EXCLUSIVE: WW2 veteran recalls waking up in the English Channel after his ship was torpedoed

Stan Ford doesn’t remember the sound of the explosion, but he remembers the feeling.

It was strange, weightless, floating… then nothing. He woke up in the cold English Channel, fighting to stay afloat.

Moments before the sailor, then 19, had been standing inside his gun turret on the HMS Fratton, when a missile from a German midget submarine hit the ship and blasted him into the air.

It took just four minutes for the entire vessel to sink on 18 August 1944 near the Normandy coastline, taking with it 31 crew members.

“The platform I was operating on detached in the explosion and went over the side with me still in it,” explains Stan, now 97 and living in Bath, north east Somerset.

“It was from quite a great height. I came to and I was in the water. There was no sign of the platform, it sank immediately.

“I had to float until this little craft came by and hands came over the side of the boat and pulled me aboard, and then they laid me down and that was it.” He immediately fell unconscious, or as he tells it “nature put me to sleep.”

He next opened his eyes in a field hospital on Gold Beach, Normandy with a fractured spine and two injured legs. He still wears callipers to this day.

Stan’s life was saved that day, but he has thought about the crewmates who didn’t make it ever since.

“It was actually a soldier in the next bed that helped me come around when he was speaking to me and encouraging me,” he says. “That was when I started to think about the family and all the people that I knew, and the 31 of my friends and crew members that lost their lives.”

Tonight he will be thinking of his fallen friends again as he takes part in the Royal British Legion’s annual Festival of Remembrance at the Royal Albert Hall, in the presence of King Charles III, The Queen Consort, other members of the Royal Family, fellow veterans and celebrities including EastEnder’s actress Shona McGarty.

Stan will on the stage to read a tribute to Queen Elizabeth II, after her death in September aged 96.

He says: “The Queen set the highest possible standards for duty and service, she was a lynchpin for all of us. I was proud to call her my Queen and to do my best to follow her example.”

Cyril ‘Stan’ Ford grew up in Stapleton, Bristol, one of 10 children to parents Robert and Margaret. After leaving school he took a job making iron brackets for Anderson air raid shelters. When he got the call up for the Royal Navy in 1943 he was excited.

“I was 19. It was a new experience. So all the way through the war, the thought of losing never entered my muscles. We were never going to lose,” he says.

“There was a good spirit in the navy – there was then and I am sure there is now. It was my first ship, so I was still getting used to things.”

HMS Fratton escorted men and supplies across the channel before and after the D-Day Landings. Recalling the morning of June 6, 1944 he has said: “I was at the Isle of Wight and remember looking around and seeing so many ships of all sizes and types, it was quite a sight.”

After being injured, Stan was moved from hospital to hospital but was unable to see his family until Christmas. But the soldier in the next bed had written to them the day after Stan woke up.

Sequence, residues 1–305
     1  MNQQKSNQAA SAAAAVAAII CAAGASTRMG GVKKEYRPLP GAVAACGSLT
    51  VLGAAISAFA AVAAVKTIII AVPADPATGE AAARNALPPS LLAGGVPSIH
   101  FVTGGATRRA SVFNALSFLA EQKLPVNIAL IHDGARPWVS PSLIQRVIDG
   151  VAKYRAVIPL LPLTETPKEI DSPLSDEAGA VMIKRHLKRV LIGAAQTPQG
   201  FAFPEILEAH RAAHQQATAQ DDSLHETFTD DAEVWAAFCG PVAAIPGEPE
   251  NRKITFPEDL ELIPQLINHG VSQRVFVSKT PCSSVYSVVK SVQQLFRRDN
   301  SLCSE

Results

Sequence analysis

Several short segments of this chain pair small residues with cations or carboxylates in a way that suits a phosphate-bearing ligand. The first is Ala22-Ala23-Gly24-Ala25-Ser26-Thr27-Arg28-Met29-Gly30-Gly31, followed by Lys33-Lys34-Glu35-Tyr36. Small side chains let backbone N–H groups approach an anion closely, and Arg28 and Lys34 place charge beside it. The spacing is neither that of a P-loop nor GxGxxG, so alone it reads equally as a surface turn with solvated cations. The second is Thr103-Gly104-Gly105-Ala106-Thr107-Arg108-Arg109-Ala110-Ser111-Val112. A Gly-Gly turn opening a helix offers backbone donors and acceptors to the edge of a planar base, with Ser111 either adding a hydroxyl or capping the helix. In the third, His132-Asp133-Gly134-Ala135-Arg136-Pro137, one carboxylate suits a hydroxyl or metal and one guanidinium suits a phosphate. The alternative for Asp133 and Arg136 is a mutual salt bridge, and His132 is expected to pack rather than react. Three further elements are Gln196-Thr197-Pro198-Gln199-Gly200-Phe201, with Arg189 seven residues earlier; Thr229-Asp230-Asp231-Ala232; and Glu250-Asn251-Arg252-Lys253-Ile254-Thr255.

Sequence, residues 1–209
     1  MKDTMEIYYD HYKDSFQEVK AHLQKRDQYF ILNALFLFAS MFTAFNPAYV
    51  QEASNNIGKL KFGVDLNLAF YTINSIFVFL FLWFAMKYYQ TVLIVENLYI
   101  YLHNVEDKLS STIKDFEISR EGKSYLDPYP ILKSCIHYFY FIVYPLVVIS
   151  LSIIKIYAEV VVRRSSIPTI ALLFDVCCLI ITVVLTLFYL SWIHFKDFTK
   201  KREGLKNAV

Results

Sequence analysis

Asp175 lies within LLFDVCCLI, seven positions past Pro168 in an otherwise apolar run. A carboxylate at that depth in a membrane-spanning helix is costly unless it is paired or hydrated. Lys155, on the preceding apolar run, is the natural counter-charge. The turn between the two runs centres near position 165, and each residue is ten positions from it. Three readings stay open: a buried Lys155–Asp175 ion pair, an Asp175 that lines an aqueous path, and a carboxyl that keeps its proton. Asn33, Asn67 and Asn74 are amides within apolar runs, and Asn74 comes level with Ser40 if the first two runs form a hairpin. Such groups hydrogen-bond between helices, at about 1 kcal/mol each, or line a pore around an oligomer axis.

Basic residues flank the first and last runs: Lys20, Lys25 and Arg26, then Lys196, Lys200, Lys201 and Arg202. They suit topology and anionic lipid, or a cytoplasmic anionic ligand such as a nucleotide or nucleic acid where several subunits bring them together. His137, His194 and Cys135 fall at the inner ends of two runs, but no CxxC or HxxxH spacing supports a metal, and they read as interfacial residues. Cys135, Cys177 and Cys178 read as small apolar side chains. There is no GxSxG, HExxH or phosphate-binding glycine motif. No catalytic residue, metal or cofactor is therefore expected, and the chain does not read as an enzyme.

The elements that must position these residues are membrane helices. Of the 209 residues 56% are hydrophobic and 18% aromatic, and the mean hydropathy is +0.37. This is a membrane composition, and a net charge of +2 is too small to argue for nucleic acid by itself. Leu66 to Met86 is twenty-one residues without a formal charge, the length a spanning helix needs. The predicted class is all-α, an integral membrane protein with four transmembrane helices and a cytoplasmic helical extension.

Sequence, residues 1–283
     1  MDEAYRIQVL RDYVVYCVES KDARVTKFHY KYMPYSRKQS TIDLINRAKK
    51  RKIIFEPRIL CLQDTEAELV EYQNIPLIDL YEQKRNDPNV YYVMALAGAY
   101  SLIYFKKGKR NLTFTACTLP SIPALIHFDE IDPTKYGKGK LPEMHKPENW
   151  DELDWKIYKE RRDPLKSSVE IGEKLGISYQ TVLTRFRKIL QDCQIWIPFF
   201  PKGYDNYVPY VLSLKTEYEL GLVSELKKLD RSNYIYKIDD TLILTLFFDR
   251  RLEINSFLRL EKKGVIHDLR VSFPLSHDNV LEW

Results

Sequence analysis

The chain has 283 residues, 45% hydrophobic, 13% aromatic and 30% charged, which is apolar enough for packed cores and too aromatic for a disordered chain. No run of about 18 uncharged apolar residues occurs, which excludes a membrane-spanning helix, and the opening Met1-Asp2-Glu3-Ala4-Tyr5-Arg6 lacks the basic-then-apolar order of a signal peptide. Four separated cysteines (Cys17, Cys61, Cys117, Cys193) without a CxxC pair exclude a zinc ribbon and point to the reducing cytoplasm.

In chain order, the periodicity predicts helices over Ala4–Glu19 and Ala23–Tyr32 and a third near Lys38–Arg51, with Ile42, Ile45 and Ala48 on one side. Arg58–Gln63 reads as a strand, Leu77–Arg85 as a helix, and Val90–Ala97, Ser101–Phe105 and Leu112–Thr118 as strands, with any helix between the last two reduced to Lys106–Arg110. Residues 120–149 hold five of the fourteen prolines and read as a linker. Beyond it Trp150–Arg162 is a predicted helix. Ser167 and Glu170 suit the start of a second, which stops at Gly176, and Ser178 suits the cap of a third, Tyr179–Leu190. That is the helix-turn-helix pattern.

“It was very kind of him but the soldier gave the wrong impression to my mother in the letter. He said I’d had damaged cheeks so she thought I’d been disfigured. I did correct her; it was the wrong cheeks!” he laughs.

Returning home he was reunited with wife Eileen – who he met when he was 17 and in the Home Guard.

“Me and my friend had just come off duty, and it was blackout in those days so you couldn’t see anything, but we heard the clip clop of shoes. It sounded like girls, and yes it was,” he says. “My future wife was walking with her friend.”

After the war, the pair married in 1948, and had two daughters. Stan then went on to have a successful career in the furniture industry, retiring in 1985. In 2017 he was awarded the Legion d’Honneur – the highest order of merit in France – but there is something he wants to make clear about the medal.

“I’ve always wanted to accept the award on behalf of the crew that lost their lives, because they were friends of mine,” he says.

Back in June he travelled to Normandy to visit a new memorial which has been constructed for the fallen, 22,442 names of men who never came home. “I found a pillar with the 31 names of my friends and crew members on it and it was a very emotional thing. I put my hand on some of the names of my close friends,” he says.

“We are intending to build something for the students and children so that they can learn and see what happened during the Second World War and hopefully try and avoid the same thing happening in the future. So that we will never forget, and so my grandchildren and great grandchildren don’t have to go through it.”

Having seen the horrors of war first hand, Stan is upset by the situation in Ukraine.

“I thought when the war ended and the United Nations were formed, that would be the organisation that would stop these future wars.

“We have done the sanctions and we try to help Ukraine in various ways, but it’s a terrible situation,” he says. “It’s a terrible situation that countries can still create these sorts of happenings.”